I taped this little bit of silence at Les Rossignols near Roquebrun this afternoon.  There is no car noise and at the height of the day only the cicadas are active – sheer bliss and of course it’s not easy to find such a quiet spot in our ever so noisy environment.

The owner of Les Rossignols had prepared a simple and informal, but very delicious lunch.  Sitting on a terrace, admiring the view of the Orb river valley, with a glass of Rose wine from Domaine de Marquise des Mures, we started with a salad of fresh garden tomatoes, a separate dish of beetroot (both home-grown), dressed with lemon juice and olive oil and some marinated olives.  Main course was pasta with a sun-dried tomato sauce.  The sun-dried tomatoes (not the type in oil) are soaked to soften them a little, and then blended to a paste with chopped onions and garlic, which have been softened in some olive oil, roasted pine nuts and grated parmesan cheese.  Warm before tossing with the hot pasta – yummy!  For dessert we had that wonderful home-made tart made with fresh wild plums and apricots – the pastry crust was very thin and crunchy so a second piece was no hardship!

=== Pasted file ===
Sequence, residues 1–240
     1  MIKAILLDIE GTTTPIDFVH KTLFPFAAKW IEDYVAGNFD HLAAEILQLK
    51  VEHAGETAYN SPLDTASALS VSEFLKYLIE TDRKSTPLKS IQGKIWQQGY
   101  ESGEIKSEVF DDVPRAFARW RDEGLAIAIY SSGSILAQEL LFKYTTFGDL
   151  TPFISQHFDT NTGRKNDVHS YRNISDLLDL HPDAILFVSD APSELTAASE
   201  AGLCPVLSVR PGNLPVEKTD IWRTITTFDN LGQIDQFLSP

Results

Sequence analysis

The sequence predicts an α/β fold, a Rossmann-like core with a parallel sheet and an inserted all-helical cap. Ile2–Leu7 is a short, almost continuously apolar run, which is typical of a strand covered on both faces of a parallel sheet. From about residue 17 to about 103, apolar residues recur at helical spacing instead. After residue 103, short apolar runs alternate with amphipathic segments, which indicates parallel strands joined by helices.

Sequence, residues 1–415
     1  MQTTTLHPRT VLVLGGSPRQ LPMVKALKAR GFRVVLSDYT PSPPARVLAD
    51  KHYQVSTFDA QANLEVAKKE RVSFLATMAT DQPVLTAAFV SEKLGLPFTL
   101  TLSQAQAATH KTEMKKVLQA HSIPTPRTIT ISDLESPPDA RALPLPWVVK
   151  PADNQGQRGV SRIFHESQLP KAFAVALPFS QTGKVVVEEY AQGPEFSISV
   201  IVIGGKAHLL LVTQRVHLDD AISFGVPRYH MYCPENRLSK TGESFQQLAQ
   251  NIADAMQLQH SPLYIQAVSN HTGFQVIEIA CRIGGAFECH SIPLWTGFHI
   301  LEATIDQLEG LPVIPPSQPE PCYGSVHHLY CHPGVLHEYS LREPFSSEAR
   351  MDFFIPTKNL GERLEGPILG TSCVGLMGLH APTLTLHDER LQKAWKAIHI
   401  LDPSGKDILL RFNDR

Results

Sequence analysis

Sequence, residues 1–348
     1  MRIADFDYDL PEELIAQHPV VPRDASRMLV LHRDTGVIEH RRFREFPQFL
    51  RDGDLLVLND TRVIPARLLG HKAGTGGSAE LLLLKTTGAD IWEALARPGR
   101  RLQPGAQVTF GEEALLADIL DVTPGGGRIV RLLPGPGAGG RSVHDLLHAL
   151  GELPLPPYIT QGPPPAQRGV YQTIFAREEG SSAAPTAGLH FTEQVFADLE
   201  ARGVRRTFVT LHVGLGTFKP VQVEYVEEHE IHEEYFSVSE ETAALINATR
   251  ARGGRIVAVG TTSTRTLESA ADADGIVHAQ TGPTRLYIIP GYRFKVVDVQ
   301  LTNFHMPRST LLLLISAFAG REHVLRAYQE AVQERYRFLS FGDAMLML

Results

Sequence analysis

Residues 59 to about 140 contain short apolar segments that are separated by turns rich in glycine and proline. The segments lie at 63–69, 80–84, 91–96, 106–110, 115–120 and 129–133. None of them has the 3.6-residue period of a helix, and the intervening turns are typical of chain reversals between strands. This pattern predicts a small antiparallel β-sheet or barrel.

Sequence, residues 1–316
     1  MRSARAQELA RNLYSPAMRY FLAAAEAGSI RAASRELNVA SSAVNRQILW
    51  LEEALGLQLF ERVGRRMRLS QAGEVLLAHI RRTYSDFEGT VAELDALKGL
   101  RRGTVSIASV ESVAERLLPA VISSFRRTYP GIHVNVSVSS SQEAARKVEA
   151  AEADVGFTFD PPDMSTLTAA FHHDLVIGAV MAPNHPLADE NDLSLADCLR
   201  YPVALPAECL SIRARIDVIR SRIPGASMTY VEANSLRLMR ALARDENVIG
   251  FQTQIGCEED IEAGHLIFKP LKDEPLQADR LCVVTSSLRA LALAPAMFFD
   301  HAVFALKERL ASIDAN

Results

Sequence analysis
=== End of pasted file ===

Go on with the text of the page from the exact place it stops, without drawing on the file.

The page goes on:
At Les Rossignols I also picked up a bowl full of wild plums, which make wonderful jam and delicious tarts combined with apricots!  I’ll be busy this evening preserving that bounty.The apricot tree along the road was heavy with fruit and I wanted to show you just how abundant the crop on some trees can be.   Of course just because it grows close to the road doesn’t mean that the tree does not belong to someone, so scrumping is out of the question!  I already made some apricot jam last weekend with fruit from Barbara Cathala – last Sunday she had some very nice small apricots which were perfect and made for a very tasty result.